Will There Be Another Sovereign Wealth Selloff Wave?


Macroeconomists, asset manager CEOs, market pundits and media commentators expressed concern about wealth funds and their current impact on global equity markets. However, the selling by commodity-based funds, specifically in the wealthy GCC region, started in the midst of 2015. Funds such as Mubadala Development Co. and the Qatar Investment Authority (QIA) were looking to sell off non-core assets to shore up cash and improve profits. For example, the QIA put Miramax on the selling block, while lowering its equity ownership in French builder Vinci. It is fair to say not all commodity-based sovereign funds are in sell mode. Countries with commodity-based wealth funds which demonstrate well-diversified economies, or have smaller populations, may be in a better fiscal position in a world with low oil prices.

Oil-based wealth funds had their heyday starting in 2004, collecting massive amounts of petrodollars and then doling them out to fund managers, buying trophy assets, bailing out financial institutions and acquiring sizable stakes in companies.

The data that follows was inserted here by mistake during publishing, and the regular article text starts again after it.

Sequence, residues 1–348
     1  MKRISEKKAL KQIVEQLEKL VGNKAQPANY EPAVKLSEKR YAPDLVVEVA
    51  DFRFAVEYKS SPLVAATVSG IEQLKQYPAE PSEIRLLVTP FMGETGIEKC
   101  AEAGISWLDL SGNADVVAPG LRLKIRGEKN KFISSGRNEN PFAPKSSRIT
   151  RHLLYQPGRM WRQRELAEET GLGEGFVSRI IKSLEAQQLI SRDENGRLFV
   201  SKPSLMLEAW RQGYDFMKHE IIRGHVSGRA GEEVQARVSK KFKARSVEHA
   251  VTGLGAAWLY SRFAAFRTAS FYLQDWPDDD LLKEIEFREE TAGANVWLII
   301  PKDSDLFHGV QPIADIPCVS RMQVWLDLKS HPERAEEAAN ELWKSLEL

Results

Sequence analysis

Norway’s Government Pension Fund Global (GPFG) stated numerous time publicly, they remain committed to markets and to not retreat. The Nordic behemoth has a significant allocation to listed equities, exposed greatly to the FTSE 100. Furthermore, the adventurism in emerging market allocations have proved frustrating with Norway’s wealth fund, as markets in Latin America and parts of Asia have taken hits.

The question looms, how long can sovereign funds hold out, before an even bigger selloff?

Good Ole Days

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